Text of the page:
We are exploring our local black bears in today’s Take It Outside post. These creatures are beginning to emerge from their winter dens now! Now is a great time to make sure you are using bear resistant trash cans and to start bringing your bird feeders in at night to avoid attracting bears to your yard.
Join PEEC’s Gift Shop and Programs Coordinator Ashleigh Lusher for a critter live-feed from the nature center on Friday, April 3 at 1 PM. Ask questions about our resident critters and get a behind-the-scenes look at the work of our Critter Care team. Tune in here tomorrow afternoon.
Bears are champions of smell! They have been known to follow a food scent from 2 miles away, and a dead animal carcass from 20 miles away. How well can you smell?
Choose different scented plants, natural materials, or spices to include in your scent challenge. Place in cups with air holes and challenge the other members in your family to identify the items! Extend this by making a scented painting. Mix spices or grind up scented plants from outside, like sage or juniper, and make scented “paint.”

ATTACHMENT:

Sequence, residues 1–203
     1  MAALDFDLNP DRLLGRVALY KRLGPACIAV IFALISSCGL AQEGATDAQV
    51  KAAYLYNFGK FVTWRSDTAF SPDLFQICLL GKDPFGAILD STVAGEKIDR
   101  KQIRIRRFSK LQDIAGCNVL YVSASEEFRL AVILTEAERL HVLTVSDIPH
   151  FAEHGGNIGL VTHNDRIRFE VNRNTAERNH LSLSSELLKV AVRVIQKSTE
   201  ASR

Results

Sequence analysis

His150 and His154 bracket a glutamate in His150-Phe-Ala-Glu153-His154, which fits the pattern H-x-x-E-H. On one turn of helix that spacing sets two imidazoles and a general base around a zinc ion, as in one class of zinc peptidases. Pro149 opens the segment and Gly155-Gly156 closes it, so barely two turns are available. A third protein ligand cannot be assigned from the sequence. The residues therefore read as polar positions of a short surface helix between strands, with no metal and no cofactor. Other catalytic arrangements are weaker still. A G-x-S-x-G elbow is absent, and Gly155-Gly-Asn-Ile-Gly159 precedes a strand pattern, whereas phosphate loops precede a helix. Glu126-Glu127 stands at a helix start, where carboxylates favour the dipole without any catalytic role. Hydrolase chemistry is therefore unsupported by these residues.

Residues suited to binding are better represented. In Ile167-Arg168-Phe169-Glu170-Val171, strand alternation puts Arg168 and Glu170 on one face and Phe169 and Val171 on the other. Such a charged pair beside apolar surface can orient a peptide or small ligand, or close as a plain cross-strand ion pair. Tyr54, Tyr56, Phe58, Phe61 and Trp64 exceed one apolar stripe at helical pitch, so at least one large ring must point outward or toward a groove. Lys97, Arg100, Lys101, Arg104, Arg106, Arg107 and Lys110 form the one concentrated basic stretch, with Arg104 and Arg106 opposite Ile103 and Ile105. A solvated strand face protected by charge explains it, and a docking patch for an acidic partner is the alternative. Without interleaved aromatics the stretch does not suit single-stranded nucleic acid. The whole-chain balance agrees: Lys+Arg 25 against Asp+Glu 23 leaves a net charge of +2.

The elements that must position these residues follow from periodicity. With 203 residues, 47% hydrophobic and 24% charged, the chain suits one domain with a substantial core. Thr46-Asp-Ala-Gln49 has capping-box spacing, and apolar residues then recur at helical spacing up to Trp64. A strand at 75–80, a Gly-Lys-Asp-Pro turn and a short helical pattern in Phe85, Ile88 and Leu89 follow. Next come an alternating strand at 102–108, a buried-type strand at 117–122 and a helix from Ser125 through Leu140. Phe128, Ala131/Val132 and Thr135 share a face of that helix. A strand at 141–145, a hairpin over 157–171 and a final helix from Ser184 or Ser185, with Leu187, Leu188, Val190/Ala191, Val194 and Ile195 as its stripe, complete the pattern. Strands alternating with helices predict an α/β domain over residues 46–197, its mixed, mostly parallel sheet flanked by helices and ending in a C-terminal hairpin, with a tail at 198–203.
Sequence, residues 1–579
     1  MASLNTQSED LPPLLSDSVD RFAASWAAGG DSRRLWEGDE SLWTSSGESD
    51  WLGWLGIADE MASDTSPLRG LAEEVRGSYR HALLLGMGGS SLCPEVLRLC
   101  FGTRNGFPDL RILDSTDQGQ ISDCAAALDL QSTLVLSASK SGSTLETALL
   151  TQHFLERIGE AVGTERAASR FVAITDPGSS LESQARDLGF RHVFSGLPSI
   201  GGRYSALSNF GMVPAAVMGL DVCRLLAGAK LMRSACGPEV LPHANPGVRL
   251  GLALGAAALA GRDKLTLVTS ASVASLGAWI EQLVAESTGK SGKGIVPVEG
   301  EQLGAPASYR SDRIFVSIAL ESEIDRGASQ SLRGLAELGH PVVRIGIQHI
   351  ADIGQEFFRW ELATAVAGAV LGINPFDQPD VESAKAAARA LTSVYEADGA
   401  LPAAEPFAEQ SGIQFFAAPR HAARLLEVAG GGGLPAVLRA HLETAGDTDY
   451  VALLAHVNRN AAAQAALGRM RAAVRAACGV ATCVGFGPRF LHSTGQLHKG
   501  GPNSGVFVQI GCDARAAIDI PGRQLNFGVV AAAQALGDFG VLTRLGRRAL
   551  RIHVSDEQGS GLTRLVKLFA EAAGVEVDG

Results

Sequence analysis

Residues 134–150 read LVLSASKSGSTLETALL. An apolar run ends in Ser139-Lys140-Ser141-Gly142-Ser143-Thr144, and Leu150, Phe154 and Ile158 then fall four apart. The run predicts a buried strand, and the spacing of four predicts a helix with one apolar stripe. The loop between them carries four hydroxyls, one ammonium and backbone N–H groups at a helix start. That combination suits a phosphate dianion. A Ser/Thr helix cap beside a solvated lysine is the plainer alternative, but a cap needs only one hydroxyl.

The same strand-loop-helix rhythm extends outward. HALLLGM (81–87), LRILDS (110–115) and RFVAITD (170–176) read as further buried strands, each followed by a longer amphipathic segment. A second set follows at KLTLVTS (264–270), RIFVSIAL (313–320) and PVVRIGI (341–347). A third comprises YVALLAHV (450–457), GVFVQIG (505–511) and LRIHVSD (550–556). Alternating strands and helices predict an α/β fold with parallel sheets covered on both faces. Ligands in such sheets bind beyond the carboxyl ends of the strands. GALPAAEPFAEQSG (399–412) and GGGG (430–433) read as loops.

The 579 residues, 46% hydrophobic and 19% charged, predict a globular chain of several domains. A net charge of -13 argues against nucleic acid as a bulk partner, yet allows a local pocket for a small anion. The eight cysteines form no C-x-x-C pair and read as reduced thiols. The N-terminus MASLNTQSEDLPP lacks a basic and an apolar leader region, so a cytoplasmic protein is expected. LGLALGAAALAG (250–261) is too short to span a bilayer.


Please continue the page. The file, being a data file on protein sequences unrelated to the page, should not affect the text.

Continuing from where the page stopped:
Outdoor Challenge (Beginner):
It takes a while for a bear’s appetite to ramp up after the winter. They’re not as hungry now as they are in the fall. This is one way they’re well-adapted to their environment, because there’s not much to eat outside early in the spring. Pretend to be a bear looking for spring food. Can you find the following?
- Tender plant and grass shoots
- Soft tree buds
- Last-year’s dried fruits and berries
Outdoor Challenge (Advanced):
Bears aren’t the only ones whose behavior depends on the season! See if you can find any of the following:
- Birds building nests (crows and house finches are early nesters)
- Bees pollinating flowers
- Hummingbirds chasing each other to establish territories
- Red squirrels retrieving food from caches
- Abert’s squirrels chasing potential mates
- Deer stags that have shed one or both antlers
- Increased gopher mounds and tunnels
- Signs of bear activity
Let us know what other spring behavior you notice!
- Here are some tips from the Sandia Mountain Bear Watch on living with black bears, how to avoid feeding them from your yard, and what to do if you encounter a bear.
- This booklet from New Mexico Game and Fish contains some interesting information on the history of black bears in New Mexico, their habitat, range, and more.
- Bandelier National Monument also produced this black bear fact sheet, which contains some interesting facts about our local bears.
Share Your Experience:
Tell us what you learn about our four-footed friends this week! We’d love to see your photos, too. Please send them to firstname.lastname@example.org or share them on Facebook or Instagram with the hashtag #peectakeitoutside.
Join us tomorrow to learn about our native reptiles and amphibians!